Putting the Arts to Work for City Resilience: Creative Placemaking
9th March 2015
Bristol’s status as European Green Capital 2015, and one of the Rockerfeller Foundation’s 100 Resilient Cities, is in no small part thanks to the role that arts and culture has played in the city and the collaborative way in which community leaders, collectives, artists and citizens have curated their own urban environments. Creative placemaking across the city has helped to provoke new perspectives, create stronger social ties, and promote the artistic and resilient spirit that Bristol is celebrated for.
The Peoples Republic of Stoke Croft was founded to encourage artistic intervention and foster a strong sense of identity and community in the area, whilst the regeneration of the Bear Pit has visibly demonstrated the social, artistic and economic benefits of redefining a space through a creative approach. Bristol’s promotion of public art and festivals, and large scale participatory events such as Luke Jerram’s ‘Park and Slide’, have sought to redefine people’s relationship with city centre locations. Most recently, Fujiko Nakaya’s Fog Bridge intervention on the busy harbourside asked those who crossed it to pause their life for a moment, take a step into the unknown, and ask how might a changing climate disrupt our lives?
Art and culture’s role in communities is being highlighted by Bristol 2015’s Neighbourhood Arts programme, which will work with residents and local artists to address issues relevant to that community, whilst the upcoming project one day : Day One will use an illustrated pop-up geodesic dome in sixteen diverse location across the city to collectively imagine a vision of a resilient future Bristol.
Many creative projects in 2015 will intervene in public spaces, seek to raise awareness of environmental concerns, and affect behaviour change – but how can creative placemaking help to create long-term impact and social resilience?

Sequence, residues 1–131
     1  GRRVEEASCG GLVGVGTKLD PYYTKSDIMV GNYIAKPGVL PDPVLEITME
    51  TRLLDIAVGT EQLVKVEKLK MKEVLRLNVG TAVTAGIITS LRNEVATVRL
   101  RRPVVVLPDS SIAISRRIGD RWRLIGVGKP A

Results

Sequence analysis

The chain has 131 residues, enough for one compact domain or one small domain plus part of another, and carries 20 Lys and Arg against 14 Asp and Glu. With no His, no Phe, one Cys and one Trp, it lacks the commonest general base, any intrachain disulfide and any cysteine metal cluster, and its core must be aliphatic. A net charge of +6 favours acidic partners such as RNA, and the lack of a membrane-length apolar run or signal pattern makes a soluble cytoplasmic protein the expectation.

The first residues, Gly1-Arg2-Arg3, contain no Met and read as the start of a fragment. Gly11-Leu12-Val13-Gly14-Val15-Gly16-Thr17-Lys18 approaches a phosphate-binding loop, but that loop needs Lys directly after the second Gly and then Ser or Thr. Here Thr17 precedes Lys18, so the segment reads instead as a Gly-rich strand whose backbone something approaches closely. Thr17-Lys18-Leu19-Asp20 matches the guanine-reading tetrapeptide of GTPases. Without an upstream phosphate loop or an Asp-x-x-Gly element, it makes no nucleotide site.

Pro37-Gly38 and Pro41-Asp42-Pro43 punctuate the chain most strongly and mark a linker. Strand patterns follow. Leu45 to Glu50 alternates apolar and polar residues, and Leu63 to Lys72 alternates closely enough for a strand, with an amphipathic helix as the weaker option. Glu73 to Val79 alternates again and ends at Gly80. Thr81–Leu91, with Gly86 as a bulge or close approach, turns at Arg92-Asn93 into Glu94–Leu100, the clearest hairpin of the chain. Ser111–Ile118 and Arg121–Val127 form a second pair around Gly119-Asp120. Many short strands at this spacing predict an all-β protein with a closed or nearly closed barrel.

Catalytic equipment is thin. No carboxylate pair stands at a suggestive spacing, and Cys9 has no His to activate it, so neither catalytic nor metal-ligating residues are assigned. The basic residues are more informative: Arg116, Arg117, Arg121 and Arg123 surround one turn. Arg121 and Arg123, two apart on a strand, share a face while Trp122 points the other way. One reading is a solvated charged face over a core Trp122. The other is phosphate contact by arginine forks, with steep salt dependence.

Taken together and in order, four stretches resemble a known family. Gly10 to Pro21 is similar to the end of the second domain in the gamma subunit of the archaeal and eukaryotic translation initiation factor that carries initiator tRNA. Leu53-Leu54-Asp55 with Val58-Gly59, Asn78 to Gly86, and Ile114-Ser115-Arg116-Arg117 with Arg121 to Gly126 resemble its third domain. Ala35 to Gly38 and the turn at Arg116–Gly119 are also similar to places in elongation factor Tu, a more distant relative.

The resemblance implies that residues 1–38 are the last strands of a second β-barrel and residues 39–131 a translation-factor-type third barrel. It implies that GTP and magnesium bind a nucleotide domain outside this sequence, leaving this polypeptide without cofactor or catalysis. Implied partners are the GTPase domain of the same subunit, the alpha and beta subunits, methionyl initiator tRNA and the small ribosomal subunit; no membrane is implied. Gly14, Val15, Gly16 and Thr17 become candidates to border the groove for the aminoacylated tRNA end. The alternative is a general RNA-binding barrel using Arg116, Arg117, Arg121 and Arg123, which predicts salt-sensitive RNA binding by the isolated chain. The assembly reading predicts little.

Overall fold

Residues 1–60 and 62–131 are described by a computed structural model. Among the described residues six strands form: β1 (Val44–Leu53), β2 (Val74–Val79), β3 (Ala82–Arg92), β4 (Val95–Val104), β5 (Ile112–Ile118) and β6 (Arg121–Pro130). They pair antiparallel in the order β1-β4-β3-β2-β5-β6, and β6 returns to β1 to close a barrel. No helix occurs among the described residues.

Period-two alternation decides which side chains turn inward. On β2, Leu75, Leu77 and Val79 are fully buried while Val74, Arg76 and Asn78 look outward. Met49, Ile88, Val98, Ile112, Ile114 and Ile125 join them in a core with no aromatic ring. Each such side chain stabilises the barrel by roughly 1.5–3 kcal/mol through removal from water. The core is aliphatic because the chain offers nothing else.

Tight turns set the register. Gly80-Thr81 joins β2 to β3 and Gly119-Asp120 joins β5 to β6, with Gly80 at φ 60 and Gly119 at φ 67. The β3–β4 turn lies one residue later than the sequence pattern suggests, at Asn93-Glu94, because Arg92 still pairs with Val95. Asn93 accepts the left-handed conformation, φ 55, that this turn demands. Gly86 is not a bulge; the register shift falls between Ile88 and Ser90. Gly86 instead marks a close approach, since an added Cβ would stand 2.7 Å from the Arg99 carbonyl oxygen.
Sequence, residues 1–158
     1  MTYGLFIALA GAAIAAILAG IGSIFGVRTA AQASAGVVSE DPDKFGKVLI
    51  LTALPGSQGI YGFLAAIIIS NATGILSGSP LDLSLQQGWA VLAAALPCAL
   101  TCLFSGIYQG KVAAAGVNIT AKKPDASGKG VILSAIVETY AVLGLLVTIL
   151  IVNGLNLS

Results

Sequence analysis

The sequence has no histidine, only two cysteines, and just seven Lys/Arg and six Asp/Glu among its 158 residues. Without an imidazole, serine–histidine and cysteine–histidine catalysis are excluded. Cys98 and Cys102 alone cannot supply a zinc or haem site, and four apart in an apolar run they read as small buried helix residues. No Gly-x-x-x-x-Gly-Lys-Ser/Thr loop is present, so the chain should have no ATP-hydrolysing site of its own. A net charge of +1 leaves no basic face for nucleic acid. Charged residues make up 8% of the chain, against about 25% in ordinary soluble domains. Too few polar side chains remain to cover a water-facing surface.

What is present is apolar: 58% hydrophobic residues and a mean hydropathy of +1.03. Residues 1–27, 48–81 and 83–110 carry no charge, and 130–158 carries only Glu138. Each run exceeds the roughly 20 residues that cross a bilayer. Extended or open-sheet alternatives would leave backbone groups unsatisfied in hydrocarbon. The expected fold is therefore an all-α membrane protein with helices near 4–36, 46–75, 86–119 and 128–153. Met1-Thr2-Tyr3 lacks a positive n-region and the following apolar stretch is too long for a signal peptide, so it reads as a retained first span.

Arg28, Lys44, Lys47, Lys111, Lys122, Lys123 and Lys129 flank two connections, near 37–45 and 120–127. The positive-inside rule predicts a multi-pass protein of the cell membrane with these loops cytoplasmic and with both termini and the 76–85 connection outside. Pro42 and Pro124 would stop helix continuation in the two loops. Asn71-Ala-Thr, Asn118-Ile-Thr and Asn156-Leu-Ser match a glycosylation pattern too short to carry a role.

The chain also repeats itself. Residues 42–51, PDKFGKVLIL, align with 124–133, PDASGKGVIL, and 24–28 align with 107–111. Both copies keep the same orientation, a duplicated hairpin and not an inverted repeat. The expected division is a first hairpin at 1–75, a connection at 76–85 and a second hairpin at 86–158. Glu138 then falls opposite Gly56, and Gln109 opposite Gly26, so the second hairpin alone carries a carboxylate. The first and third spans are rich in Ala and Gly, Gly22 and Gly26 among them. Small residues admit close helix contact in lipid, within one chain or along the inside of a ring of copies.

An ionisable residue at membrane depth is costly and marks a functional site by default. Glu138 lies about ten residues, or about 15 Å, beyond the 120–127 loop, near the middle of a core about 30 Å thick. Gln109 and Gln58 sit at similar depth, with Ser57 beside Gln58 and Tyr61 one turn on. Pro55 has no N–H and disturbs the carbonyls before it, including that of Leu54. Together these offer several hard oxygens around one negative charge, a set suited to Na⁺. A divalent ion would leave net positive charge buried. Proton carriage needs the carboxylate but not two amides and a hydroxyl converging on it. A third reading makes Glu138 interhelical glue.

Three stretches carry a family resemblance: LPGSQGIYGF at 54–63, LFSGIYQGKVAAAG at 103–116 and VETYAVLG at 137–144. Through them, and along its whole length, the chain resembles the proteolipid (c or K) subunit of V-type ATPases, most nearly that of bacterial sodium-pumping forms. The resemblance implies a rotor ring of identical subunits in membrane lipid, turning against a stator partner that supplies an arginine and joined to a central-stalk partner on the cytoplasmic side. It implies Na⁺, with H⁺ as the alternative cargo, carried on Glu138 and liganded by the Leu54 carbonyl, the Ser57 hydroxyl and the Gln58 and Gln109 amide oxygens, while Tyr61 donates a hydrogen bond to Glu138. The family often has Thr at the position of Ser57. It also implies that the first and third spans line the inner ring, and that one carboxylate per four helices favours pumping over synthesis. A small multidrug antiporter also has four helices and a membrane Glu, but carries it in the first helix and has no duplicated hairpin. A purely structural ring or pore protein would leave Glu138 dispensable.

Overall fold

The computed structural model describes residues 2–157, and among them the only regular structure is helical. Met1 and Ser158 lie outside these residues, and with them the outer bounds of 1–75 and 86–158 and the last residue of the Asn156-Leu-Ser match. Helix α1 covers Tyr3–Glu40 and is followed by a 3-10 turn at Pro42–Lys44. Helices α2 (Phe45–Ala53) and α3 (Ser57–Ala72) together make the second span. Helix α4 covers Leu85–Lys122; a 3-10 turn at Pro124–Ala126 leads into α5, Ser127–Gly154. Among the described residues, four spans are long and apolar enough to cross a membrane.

In the post below, re-published from the 100 Resilient Cities website, Director of Design Programs at the National Endowment for the Arts (NEA) Jason Schupbach reflects on how creative Placemaking can help make communities and cities more resilient.
“I recently attended a major convening of community development and arts professionals where Ben Hecht from Living Cities said, and I’m paraphrasing here, “The science of how to do the technical parts of community development is well understood – how to build water infrastructure, housing units, transportation systems – but we as community development officials have forgotten about the ‘people’ part of the equation. How do we build places where people actually want to live their lives? How do we build strong social ties? The secret lies partly in the arts.”
Recognizing that social resilience is every bit as important as physical resilience in a community, we at the NEA call this work creative placemaking.
What is creative placemaking?
Creative placemaking seeks to help communities develop a stronger sense of identity, building on native cultural assets to create more cohesive, healthy, and resilient places. The deliberate integration of arts and culture into community development work brings arts organizations and artists to the table, helping to design land-use, transportation, economic development, education, housing, infrastructure, and public safety strategies.